Monday, November 25, 2013

A lesson to accompany Understanding Car Crashes

Understanding Car Crashes: It's Basic Physics was produced by the Insurance Institute for Highway Safety (IIHS) in 2000. They've done what they could to make sure no physics classroom is without the VHS or DVD. In 2010, they uploaded the 22-minute, Griff Jones-hosted video to YouTube.

I always liked it, but didn't know where to use it. This year I was able to carve out a few days between the last unit test of the first semester and final exams. My first semester is all mechanics, all the time. So it seemed like a good match.

Here's my student worksheet: YouTube Physics: Danger and Safety in Car Crashes

And here's the video, itself.

Understanding Car Crashes: It's Basic Physics



My lesson continues after the video is over by inviting students to research vehicle safety ratings for two cars they might ride in at IIHS's website (http://www.iihs.org/iihs/ratings).

By the way, if you haven't seen my YouTube Physics page, check it out. You'll find even more engaging video lessons.

The Dark Side of the Earth - mini-lesson revision

If you haven't seen this 5-minute Vimeo gem, I first talked about it here. Go there and watch it.

I developed a mini-lesson to accompany the video so as to create what would now be called a flipped-classroom lesson. Of course, I shared!

But I wasn't happy with how that turned out. So I reworked it a little bit. The rework makes things the student work aspect more visual-spatial.

YouTube Geophysics: Amazing Views of Earth on Vimeo

A Car Talk Puzzler that Thinking Physics people can solve

Car Talk Puzzler for the week of 11/23/13: Two trains are on a collision course. The trains are heading toward each other with identical speeds. When they are a certain distance apart from each other, a bee flies from the front of one train toward the other at constant speed. When it reaches the front of the other train, the bee turns around and flies back to the first train. The process repeats until the trains collide and the bee is squished.

The question: How far does the bee fly in the process?

To answer, you'll need the particulars: the distance between the trains when the bee begins its journey, the speed of the trains, and the speed of the bee. For these particulars (and the means by which you can enter your correct answer for the chance to win a prize), proceed to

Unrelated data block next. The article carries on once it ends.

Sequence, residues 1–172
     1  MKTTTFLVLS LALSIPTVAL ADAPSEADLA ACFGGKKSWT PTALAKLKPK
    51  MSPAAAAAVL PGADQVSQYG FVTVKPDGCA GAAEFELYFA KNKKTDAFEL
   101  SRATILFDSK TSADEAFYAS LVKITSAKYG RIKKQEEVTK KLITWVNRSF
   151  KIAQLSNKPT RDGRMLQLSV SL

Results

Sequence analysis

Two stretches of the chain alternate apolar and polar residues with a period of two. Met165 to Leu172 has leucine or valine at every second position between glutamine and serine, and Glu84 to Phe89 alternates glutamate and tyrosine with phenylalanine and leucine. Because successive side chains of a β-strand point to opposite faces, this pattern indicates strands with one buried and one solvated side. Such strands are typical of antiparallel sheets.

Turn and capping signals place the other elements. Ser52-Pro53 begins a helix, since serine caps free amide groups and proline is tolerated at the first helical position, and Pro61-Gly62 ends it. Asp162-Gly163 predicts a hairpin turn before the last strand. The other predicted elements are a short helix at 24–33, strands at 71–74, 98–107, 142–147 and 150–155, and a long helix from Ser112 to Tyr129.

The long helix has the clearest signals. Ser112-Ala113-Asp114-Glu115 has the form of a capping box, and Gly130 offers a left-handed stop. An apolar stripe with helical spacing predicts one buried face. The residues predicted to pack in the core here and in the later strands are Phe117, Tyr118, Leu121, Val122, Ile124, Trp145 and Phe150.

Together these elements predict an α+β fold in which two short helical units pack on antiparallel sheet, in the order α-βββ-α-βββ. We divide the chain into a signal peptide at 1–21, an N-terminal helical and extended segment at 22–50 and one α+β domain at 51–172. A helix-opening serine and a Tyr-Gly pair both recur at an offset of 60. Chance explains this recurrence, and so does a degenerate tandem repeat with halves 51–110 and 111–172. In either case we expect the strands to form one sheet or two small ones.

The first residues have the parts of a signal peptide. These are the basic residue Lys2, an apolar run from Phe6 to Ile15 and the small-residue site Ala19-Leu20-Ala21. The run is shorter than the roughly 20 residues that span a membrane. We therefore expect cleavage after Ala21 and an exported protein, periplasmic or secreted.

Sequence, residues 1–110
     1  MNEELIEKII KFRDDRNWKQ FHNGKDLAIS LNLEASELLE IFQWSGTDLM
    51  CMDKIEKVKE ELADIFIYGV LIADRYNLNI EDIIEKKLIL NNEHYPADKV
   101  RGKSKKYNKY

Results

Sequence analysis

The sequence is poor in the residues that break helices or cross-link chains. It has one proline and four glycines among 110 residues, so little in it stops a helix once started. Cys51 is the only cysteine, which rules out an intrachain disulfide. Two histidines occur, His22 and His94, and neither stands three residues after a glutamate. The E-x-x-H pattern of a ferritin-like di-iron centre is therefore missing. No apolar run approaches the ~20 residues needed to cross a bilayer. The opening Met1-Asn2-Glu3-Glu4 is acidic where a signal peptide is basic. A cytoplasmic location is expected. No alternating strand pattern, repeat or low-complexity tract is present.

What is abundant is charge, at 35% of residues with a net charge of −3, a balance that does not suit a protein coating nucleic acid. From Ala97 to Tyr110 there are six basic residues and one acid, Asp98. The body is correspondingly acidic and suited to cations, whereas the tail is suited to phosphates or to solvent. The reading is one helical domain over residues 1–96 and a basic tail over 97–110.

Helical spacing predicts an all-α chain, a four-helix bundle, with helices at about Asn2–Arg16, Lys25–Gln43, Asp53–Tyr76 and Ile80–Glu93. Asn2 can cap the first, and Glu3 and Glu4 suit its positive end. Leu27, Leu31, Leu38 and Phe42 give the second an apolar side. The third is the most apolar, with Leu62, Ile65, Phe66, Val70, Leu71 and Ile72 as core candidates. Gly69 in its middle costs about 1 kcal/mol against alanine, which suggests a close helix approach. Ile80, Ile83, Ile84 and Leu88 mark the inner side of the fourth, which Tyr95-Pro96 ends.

The Car Talk Puzzler.

(Lewis Carroll Epstein's Thinking Physics)

Saturday, November 23, 2013

A wee set of photos from NCNAAPT FM13 Carondelet

NCNAAPT FM13



These are the best of what I got at the Fall Meeting of the Northern California and Nevada section of the American Association of Physics Teachers. The event was Saturday, November 16 at Carondelet High School in Concord.

All captured on my little spy-cam of a Canon PowerShot S100. It's not a speedy auto focuser, but it's so small as to be fairly innocuous. And it's a digicam rather than a DSLR, so no shutter noise. Trade-offs.

Thursday, November 21, 2013

Egg Toss 2013

Linsey Marr wins NIH New Innovator Award

While I realize that their brief time in high school gets smaller and smaller in the rearview mirror as years roll by, I reserve the right to take pride in the accomplishments of any of my 3500+ former students.

Linsey Marr (RAHS '92) set the river on fire while she was at Rio. Beyond being a top graduate, she earned gold on Rio's Science Olympiad team in its first trip to nationals (Auburn University in Alabama, 1992).

Of course, she left Rio over twenty years ago. She switched from MIT to neighboring Harvard and set the Charles on fire with her engineering awesomeness. She earned advanced degrees at UC Berkeley. These days, she professes Environmental Engineering at Virginia Tech.

The National Institutes for Health (NIH) is now taking their turn at recognizing Marr's brilliance via their New Innovator Award. It's kind of a big deal. How big? North of $2,000,000 in research funding big. Linsey's been an unstoppable innovator and problem-solver since… forever. How delightful to see this prestigious honor awarded to her.

See Virginia Tech's coverage for full details.

Although we at Rio may not be entitled to take any credit for her professional accomplishments at this point, we are certainly entitled to offer our congratulations to someone who walked our wee campus years ago.

Congratulations, Linsey! We are so proud of you.

Saturday, November 09, 2013

Carl Sagan Day - Neil deGrasse Tyson's new Cosmos

In case you haven't seen this yet. (It got past me somehow.)

Carl Sagan Day 2013 - Pale Blue Dot

This one never gets old.



Carl Sagan Day.

As ever, my Cosmos in the Classroom curriculum materials are available to all. I'm using them this year in Physics as I have in the past for AP Physics: one episode per unit, sometimes shown in class the day after a unit test, and sometimes assigned as homework.

Last year, Netflix streamed episodes of Cosmos. They don't anymore. Hulu's Cosmos page anticipates the Neil deGrasse Tyson "reboot". (They did, anyway; the title graphic had been Cosmos: A Space-Time Odyssey, Tyson's title. Looks like they've now gone back to a "Cosmos: Carl Sagan" motif. The full title of Sagan's series was Cosmos: A Personal Journey.)

Sorry Miss Ping—you just got… Disillusioned!

Awesome precision stunt work artistry, yes?



That kind of thing takes "mad skillz" and years of practice.

Not with Ping Pong, knives, or pineapples. With video editing. But you need to do better than that if you don't want to get busted by Captain Disillusion!

Take it away, Capt. D!



Love the fake drop-in ads, the foot stab, the Star Trek and Portlandia references, and the super-cheesy crash-endo.

Visit Captain Disillusion's website for all things CD!

Friday, November 08, 2013

The Baloney Detection Kit: new video question set

I've been showing Michael Shermer's 15-minute Baloney Detection Kit video to students in my physics classes for years. It's a great little gem about the methods of science that's much, much better than the tired old, fabricated "Scientific Method" lessons and posters that still seem to proliferate in science classrooms at schools.

And I've developed video question sets for countless episodes of Mechanical Universe and the whole set of Paul Hewitt's Conceptual Physics Alive!